It is my understanding that the General Contractor is required to be served via Certified Mail with a copy of the Miller Act Bond Claim. Is this correct?
If so, Does the Miller Act require that the General Contractor provide a copy upon request?
Apr 16, 2019
Excellent question. When it comes to all of these bond, lien, and payment claims...the details can really matter. So it's great that you are digging into the little things about who is supposed to receive bond claims (i.e. such as a federal Miller Act Claim). You may find the other answers you need here -- Miller Act Claim FAQs.
Related to this specific question, The Miller Act requires that your claim be sent to the general contractor by certified mail, return receipt requested.
No one else is actually required to receive any Miller Act Claim filings.
However, based on the wording of your question, you may be asking something else. In your question, you refer to the "miller act claim." When I read this, I think that you are talking about a bond claim that you are making against the general contractor's bond. If that is the case, then the above information is important. To make the claim, the "Miller Act Claim" must be sent to the general contractor.
Your question has this in it, though: If so...Does the Miller Act require that the General Contractor provide a copy upon request?
Alas, this is a different question. This question is about whether general contractors must expose who they have a payment bond with. Before answering this, not that you don't need to know the bonding company to make a Miller Act Claim. It's a best practice to send a copy of a bond claim to the bonding company themselves, but it is not required. The only party who must receive the Miller Act bond claim is the general contractor. Period. Full stop.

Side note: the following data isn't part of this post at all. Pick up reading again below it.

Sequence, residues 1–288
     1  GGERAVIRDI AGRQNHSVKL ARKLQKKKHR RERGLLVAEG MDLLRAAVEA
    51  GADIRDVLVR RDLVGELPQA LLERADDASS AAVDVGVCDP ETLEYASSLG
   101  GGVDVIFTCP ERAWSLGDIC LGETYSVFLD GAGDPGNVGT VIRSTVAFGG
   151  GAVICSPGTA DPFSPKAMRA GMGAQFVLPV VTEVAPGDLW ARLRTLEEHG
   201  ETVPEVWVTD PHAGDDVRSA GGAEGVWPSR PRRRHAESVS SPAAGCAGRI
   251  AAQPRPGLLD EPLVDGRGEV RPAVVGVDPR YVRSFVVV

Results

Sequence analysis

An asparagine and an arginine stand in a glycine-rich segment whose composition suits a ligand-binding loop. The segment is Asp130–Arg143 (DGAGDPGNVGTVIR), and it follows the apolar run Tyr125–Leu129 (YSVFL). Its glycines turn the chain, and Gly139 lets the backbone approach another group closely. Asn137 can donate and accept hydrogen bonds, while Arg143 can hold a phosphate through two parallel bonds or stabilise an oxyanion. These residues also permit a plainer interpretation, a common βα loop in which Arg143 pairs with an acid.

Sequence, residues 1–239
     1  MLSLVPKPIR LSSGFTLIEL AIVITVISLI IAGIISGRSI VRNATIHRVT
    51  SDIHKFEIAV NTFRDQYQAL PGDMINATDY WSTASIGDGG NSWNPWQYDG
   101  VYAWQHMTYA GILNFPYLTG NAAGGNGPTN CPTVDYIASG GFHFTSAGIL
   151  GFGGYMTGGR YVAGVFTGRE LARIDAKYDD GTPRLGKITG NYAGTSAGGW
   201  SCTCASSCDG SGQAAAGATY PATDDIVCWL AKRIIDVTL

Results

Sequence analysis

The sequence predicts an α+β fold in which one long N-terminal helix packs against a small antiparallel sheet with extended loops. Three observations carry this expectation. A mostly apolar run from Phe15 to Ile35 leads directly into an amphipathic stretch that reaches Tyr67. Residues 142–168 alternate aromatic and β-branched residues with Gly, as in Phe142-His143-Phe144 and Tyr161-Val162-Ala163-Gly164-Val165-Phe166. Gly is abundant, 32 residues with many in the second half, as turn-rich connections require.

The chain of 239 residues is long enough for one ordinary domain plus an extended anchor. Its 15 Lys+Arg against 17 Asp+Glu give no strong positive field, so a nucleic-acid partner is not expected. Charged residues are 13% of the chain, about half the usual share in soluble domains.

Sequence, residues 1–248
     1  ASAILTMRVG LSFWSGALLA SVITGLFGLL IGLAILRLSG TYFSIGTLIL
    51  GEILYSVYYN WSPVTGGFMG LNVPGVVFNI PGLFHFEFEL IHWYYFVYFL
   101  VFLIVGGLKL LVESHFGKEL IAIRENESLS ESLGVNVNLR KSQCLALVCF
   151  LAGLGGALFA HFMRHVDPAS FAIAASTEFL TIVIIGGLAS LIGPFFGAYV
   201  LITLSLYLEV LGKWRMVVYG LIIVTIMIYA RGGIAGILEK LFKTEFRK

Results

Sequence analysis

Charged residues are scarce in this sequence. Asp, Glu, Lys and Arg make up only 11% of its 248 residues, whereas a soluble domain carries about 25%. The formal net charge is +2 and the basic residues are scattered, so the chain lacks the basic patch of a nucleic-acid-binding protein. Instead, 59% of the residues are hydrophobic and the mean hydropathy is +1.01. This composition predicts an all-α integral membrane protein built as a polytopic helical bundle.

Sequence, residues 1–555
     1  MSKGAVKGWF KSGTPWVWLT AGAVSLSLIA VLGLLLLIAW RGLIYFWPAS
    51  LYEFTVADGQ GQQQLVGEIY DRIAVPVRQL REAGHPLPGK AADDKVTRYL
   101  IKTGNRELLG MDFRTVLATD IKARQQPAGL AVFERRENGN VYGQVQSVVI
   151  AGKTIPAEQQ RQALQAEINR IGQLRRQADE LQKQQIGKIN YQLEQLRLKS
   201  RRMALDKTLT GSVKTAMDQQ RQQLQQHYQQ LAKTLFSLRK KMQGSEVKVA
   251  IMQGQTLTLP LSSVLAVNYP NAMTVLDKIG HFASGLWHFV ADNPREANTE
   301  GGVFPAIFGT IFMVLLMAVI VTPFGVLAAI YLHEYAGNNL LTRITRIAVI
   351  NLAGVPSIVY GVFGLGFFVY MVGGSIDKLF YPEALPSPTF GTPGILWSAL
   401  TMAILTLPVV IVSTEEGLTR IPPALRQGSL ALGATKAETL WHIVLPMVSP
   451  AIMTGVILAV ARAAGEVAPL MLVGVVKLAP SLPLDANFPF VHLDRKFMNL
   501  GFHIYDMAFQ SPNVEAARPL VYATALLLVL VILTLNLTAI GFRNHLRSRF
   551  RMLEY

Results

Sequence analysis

Nevertheless, in the Miller Act Statute -- 40 USCS §3133, there are provisions that allow ANYONE who is furnishing any labor or materials to the federal job to get a copy of the bond. But, importantly: (i) it is the federal contracting agency that must provide it, not the general contractor; and (ii) there really isn't any remedy available if the contracting agency refuses or is too disorganized to handle the request.
Section 3133 specifically provides: Right of person furnishing labor or material to copy of bond. The department secretary or agency head of the contracting agency shall furnish a certified copy of a payment bond and the contract for which it was given to any person applying for a copy who submits an affidavit that the person has supplied labor or material for work described in the contract and payment for the work has not been made or that the person is being sued on the bond.
So, in sum:
--> If you want to make a bond claim (i.e. Miller Act Claim), just send it to the GC. No one else needs to receive it.
-->If you want a copy of the bond itself, the contracting agency is the one required to provide it, but there is no enforcement mechanism.